I made those. Me. Yep. And if you can’t tell, I’m still a little impressed at myself for actually making credible bagels.

I owe it all to Cooking Light’s October 2005 issue which offers tips for bakers. If you want to make good baguettes, pretzels, or bagels go get this issue before it disappears from newsstands. Go. Now!

The ones above are a little misshapen which is due to me,Β  cutting my thumb badly when I divided the dough. I abandoned them at a critical moment to stop the bleeding (I didn’t save the liver with its natural coagulants), and didn’t get a chance to make them into balls and had to poke the holes in the center AFTERΒ they rose on the tray, all of which I think deflated them.

But they tasted great. In my opinion, a great bagel needs a good crumb that holds together, neither too fluffy nor too dense; a nice chewy skin, which is imparted to it by boiling the bagel briefly; and a nice clean flavor that pairs well with peanut butter, cream cheese, salmon, hummus or whatever else you like to put on your bagels. This recipe produces bagels with all those qualities.

The classic bagel uses malt syrup in the boiling mix and in the initial yeast mix. This recipe uses beer instead. I added malt syrup to the boiling mix for the second batch of bagels, and it made quite a difference, but I get a little kick from the idea I’m having beer for breakfast with these bagels. It’s like I’m back in college, but without the resilient immune system and ability to rally.

For now, here’s the Cooking Light recipe with a minor change here and there as I made it.


Ingredients :

  • 4 1/4 cups AP flour plus up to 1/4 cup more flour plus dusting flour
  • 1 12 ounces bottle dark or brown beer(I used a Sam Adams Octoberfest the first time and a Negra Modelo the second time)
  • 2 teaspoons kosher salt
  • 1 egg, separated into white and yolk
  • 1 packet active yeast
  • vegetable oil in a spritzer and to coat bowl
  • water
  • 1/4 cup cornmeal for scattering
  • (optional – 2 tablespoon malt syrup, aka barley malt syrup if not using, substitute 2 tablespoons brown sugar)


  • large bowl
  • a large cooling rack
  • cookie sheet
  • non-reactive dutch oven
  • a sheet of aluminum foil

Instruction :

  1. In a large bowl combine 1 1/2 cups water with 1/2 cup of beer. Bring to 100-110 F. Stir in the yeast and dissolve. Let sit in a warm place for 5 minutes.
  2. Lightly beat the egg white during those 5 minutes. Stir it into the yeast mix.
  3. Mix 4 1/4 cups of flour with the salt.
  4. Little by little, stir in 4 1/4 cups of flour to the yeast, mix until it forms a sticky dough. knead the dough on a lightly floured surface. Mix in enough of the extra 1/4 cup four to keep the dough from sticking to your hands. It will still be a little tacky. Knead the dough for 6-10 minutes until it’s smooth and elastic.
  5. Form the dough in a big ball. Wash, dry, and oil the big bowl lightly. Turn the dough ball around in the ball so it gets very lightly coated with oil. Cover and place in a warm draft-free place to rise for one hour and fifteen minutes.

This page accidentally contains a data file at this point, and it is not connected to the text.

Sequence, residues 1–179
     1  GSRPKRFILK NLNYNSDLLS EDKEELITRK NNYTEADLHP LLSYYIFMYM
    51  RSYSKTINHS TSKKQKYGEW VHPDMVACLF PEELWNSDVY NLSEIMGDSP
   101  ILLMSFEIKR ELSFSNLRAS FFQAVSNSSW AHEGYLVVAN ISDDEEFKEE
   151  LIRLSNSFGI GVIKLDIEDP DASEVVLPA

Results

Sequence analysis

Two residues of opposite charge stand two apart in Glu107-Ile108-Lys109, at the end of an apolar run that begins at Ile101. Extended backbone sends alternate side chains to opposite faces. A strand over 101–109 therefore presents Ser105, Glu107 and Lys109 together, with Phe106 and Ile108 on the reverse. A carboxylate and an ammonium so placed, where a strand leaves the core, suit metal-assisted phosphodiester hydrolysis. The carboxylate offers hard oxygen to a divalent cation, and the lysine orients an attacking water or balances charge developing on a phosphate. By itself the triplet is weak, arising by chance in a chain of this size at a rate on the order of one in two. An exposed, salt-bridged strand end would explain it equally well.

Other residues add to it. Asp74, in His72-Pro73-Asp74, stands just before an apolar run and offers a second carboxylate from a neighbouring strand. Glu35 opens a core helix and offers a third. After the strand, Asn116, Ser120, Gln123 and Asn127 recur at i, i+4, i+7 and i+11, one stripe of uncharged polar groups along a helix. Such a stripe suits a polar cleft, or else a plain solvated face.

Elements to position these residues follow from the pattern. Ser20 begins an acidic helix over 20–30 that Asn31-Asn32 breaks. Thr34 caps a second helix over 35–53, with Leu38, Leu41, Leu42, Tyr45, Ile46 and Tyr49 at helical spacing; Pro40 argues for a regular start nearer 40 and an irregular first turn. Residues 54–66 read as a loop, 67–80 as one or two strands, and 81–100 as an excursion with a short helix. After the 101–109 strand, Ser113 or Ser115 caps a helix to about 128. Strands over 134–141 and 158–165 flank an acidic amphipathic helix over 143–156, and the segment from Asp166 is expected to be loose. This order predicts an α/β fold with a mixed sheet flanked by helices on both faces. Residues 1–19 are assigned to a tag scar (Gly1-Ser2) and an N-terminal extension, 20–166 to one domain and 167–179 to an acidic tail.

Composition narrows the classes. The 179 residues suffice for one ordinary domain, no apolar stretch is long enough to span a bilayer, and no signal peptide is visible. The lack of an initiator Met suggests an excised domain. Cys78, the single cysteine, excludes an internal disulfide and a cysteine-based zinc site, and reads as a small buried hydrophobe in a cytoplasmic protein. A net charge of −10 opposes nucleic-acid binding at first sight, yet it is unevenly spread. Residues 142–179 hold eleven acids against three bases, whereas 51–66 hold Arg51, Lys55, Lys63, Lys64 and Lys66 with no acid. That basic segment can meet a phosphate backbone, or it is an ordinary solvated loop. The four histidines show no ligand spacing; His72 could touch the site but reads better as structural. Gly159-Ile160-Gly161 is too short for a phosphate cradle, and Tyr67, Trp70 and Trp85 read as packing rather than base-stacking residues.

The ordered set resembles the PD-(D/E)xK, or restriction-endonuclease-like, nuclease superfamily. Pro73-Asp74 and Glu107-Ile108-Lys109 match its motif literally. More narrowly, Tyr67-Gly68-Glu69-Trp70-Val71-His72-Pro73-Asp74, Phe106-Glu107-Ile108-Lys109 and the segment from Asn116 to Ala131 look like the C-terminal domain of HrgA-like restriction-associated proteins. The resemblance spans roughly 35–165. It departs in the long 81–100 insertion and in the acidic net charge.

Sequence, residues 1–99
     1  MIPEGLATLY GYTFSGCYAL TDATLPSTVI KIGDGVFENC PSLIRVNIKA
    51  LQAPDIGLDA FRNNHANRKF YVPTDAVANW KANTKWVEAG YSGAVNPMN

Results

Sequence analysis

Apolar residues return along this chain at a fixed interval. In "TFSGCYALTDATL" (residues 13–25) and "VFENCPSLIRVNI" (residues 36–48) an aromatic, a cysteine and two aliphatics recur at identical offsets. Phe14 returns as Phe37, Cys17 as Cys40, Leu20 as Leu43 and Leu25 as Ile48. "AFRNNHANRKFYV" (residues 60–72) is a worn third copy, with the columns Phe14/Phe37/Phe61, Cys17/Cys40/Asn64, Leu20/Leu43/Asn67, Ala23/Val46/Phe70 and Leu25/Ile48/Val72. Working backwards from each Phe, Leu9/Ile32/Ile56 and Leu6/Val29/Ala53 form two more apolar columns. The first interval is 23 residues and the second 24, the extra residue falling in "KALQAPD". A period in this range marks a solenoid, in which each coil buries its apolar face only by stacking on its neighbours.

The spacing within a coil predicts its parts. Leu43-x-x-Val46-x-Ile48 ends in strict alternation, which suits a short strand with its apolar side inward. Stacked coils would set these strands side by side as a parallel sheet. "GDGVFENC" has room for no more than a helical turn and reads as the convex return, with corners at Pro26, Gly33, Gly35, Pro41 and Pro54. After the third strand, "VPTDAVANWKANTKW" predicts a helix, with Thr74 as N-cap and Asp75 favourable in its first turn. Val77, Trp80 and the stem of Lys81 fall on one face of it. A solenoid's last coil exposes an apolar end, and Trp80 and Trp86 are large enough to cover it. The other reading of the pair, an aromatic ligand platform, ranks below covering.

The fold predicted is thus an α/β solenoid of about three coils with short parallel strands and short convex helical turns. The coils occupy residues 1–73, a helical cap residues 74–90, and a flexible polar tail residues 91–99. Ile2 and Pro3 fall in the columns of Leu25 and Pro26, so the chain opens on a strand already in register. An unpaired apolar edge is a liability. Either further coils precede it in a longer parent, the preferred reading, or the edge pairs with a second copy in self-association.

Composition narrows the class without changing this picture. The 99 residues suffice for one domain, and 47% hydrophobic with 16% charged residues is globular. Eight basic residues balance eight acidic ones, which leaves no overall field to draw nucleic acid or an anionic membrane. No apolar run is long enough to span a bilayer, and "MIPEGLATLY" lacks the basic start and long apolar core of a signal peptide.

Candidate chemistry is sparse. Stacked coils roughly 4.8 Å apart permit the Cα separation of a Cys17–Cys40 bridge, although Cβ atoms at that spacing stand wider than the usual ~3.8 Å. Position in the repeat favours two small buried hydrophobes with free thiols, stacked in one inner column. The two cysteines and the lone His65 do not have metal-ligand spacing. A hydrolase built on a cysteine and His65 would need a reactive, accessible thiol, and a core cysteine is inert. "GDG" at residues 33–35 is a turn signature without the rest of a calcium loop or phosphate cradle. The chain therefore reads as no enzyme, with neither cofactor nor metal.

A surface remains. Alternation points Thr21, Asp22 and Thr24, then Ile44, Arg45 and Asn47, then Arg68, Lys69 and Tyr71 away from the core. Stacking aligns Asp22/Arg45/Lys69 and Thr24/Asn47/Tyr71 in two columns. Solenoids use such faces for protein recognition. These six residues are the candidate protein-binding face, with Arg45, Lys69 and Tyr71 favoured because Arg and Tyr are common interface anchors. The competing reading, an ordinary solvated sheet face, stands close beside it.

6. The ball should now be twice its original size. If you poke the dough, the mark should remain. Punch the dough down and let it rest five minutes.
  7. Divide the dough into ten approximately equal portions. Roll each into a ball. Push your thumbs through the center of the dough to make a hole and form a torus (aka a doughnut/bagel shape). Make sure the hole is a decent size. You’ll see why in a second.
  8. Lay the bagels on a lightly oiled sheet of aluminum foil. Brush or spray them lightly with oil and cover with plastic wrap. Let rise for ten minutes. They should not rise much, but this is why you want decent sized holes in the step above. They will close a bit with the rising.
  9. In a dutch oven or other large non-reactive cooking vessels, combine the rest of the beer and four cups of water with the barley malt. Bring to a boil then reduce to a simmer.
  10. Preheat the oven to 400 F.
  11. Set up a cooling rack and spray it with oil. Two at a time, drop the bagels into the boiling mix and let them boil 30 seconds on the first side, then flip them in the bowl and let them boil 30 seconds on the second side. Remove with a slotted spoon and place on the cooling rack. Repeat until all the bagels have been boiled. You put them on the rack to let them drain a bit and to prevent them soaking the cookie sheet they’ll be baked on.
  12. Mix the egg yolk with a tablespoon of water and mix to create an egg wash. Brush the top of each bagel with the egg wash. If you want to make salt or poppyseed or sesame bagels, now is the time to coat the tops with poppy seeds or sesame seeds or kosher salt.
  13. Spread the cornmeal on the cookie sheet. Place the bagels on the sheet and bake in the 400 F oven for 17 minutes or until the tops are lightly golden.
  14. Let cool five minutes before serving. Warm bagels are a thing of beauty and don’t even need cream cheese if you ask me.